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Foreclosure Defense Rights and Wrongs: Squatters, Ejectments and Constitutional Rights

Over the past few days it seems that the informal name of this blog: “From the Trenches” is becoming more and more fitting. Florida foreclosure defense has become part of our everyday life – radio, TV, Internet, print.

Let me explain. On Friday on the front page of the New York Times headline Squatters Call Foreclosures Home one could not help to miss an unbelievable story about folks in Miami who squat in foreclosed homes. They move in — usually at night — after the bank takes ownership. They sign contracts with the electric company, water and maybe even cable TV. The banks are slow to throw them out and so is the sheriff. In fact various advocacy groups help people move back into their “own” home after they have been foreclosed.

Maggie Steber for The New York Times

Maggie Steber for The New York Times

Arguably, the homes and the neighborhood are better off having the homes occupied than having an abandoned home without any electric power rotting on the block. Legally, it can get interesting because after a few days the banks can lose the power of the sheriff and the squatters need to be legally ejected through a formal court proceeding called an ejectment.

In fact we had a case recently where after a sale the seller was informally permitted to stay in the home for a few days past the closing date. Soon the few days became weeks and the weeks became months. The police refused to get involved and we had to bring an ejectment action to get the old “owners” out of the residence.

Another trend we have discussed repeatedly is the fact that most folks do not hire an attorney during a foreclosure. Maybe five percent do. The courts throughout the country are finding this a disturbing trend as was also discussed in Friday’s NYT. I have been a strong advocate that judges and the clerks need to be more even-handed to ensure a fair outcome even when folks appear pro se (without counsel). However, we repeatedly see judges not digging into a file if a person is not represented to make sure that such individual’s procedural and constitutional rights are not trampled upon. I know for a fact that at a least some judges here in Florida do not believe it is their role to ensure that a pro se litigant’s rights are protected if they are inadequately or not represented in a civil matter. I take deep umbrage with that position and have made my position well known.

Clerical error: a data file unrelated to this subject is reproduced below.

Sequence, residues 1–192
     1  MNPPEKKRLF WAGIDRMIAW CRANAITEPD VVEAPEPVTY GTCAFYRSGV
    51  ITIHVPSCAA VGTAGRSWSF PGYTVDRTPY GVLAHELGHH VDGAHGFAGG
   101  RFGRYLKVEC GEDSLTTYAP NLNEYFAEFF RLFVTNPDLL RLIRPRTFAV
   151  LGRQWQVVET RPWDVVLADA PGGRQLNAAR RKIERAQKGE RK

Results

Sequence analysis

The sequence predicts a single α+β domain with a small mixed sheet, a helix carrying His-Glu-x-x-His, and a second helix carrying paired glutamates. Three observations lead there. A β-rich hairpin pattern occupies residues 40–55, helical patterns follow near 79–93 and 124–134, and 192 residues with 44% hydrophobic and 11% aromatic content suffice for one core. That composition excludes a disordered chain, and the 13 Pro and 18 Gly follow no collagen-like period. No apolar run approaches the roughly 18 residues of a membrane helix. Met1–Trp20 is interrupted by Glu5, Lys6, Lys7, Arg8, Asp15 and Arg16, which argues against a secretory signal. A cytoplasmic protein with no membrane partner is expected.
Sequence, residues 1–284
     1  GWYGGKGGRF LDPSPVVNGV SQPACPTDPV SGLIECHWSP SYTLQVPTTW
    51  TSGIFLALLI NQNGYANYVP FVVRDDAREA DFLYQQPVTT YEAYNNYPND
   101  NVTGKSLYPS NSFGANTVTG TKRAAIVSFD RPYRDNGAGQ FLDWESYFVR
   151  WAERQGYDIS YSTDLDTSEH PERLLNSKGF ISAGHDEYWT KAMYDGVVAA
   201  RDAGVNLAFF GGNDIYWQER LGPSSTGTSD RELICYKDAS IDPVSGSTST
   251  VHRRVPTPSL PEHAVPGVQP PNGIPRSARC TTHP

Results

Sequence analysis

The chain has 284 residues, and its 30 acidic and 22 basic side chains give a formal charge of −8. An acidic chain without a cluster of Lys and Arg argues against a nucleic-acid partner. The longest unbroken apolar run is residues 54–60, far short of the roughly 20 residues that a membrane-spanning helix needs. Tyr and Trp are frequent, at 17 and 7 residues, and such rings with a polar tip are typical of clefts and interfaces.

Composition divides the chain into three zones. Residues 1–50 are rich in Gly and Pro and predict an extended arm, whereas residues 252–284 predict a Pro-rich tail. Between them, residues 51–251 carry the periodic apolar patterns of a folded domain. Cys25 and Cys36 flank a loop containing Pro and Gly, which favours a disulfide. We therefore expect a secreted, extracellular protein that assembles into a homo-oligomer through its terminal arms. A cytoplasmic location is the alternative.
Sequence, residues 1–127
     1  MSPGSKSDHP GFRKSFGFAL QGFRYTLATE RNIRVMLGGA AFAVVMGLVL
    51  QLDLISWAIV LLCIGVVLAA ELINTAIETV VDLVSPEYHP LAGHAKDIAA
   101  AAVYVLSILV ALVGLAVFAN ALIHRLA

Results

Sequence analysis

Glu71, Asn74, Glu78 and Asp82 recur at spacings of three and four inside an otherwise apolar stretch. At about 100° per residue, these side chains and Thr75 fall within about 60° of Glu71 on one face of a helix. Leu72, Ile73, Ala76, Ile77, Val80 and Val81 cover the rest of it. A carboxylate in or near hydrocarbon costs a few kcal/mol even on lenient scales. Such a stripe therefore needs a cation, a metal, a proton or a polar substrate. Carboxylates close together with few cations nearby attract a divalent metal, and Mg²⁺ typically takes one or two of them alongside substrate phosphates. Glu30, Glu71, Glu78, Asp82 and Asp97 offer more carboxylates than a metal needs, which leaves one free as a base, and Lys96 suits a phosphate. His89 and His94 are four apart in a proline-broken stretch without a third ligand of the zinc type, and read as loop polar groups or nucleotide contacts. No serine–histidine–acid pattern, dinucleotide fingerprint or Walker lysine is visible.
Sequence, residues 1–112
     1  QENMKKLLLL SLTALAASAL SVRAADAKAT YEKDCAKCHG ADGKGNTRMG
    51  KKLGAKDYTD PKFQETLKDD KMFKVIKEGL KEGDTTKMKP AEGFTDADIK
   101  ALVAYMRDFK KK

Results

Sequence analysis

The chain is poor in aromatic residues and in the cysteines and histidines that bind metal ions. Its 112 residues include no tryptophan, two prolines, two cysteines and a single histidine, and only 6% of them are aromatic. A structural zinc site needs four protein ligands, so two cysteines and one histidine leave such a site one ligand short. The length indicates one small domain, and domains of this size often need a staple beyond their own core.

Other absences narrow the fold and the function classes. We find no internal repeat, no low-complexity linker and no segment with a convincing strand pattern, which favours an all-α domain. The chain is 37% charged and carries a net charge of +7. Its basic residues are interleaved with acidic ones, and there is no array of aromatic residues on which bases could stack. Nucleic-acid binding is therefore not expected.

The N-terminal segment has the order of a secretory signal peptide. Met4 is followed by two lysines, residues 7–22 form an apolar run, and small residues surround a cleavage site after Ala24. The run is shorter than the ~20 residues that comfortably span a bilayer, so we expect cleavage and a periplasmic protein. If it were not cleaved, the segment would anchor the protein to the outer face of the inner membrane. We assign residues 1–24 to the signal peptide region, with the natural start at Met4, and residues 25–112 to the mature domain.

So it is great to hear the Chief Justice of New Hampshire, John T. Broderick state that to ensure fair outcomes, courts must do more to help people navigate the courts. As quoted in NYT the Chief Justice states: “If you and I went to hospital and they said, ‘Do you have insurance’? and we don’t, and they said, ‘There are some textbooks over there with some really good illustrations’, we would think that was immoral.”

Well I agree with the good judge! I know some of my judge friends in Fort Lauderdale would agree with me, but I also know how overworked their case load is. Some judges have over 4,200 foreclosures files in their court room in addition to everything else. In fact, in Broward County they are creating a special early morning rocket docket for foreclosure files where individuals are not represented by counsel.

So be warned… do not get on that rocket docket or you too will soon be squatting in your own foreclosed home.

Roy Oppenheim … From the Trenches.

Tags: ejectment, Florida foreclosures, foreclosure, from the trenches, pro se, Roy Oppenheim, squatters

4 responses to “Foreclosure Defense Rights and Wrongs: Squatters, Ejectments and Constitutional Rights”

  1. Alfredo Babler says:

    OMG! What’s next, soup lines around the block of every Walmart parking lot?

  2. john marc says:

    i’ve got that same problem with a home a bought. how do i file an ejectment action????

  3. john marc says:

    how do i file an ejectment action for a home i own?

  4. Johngault says:

    If the servicing bank does not contact you, and you pay the taxes, elec, etc. When does time begin to toll, and how long will we have to occupy the residence?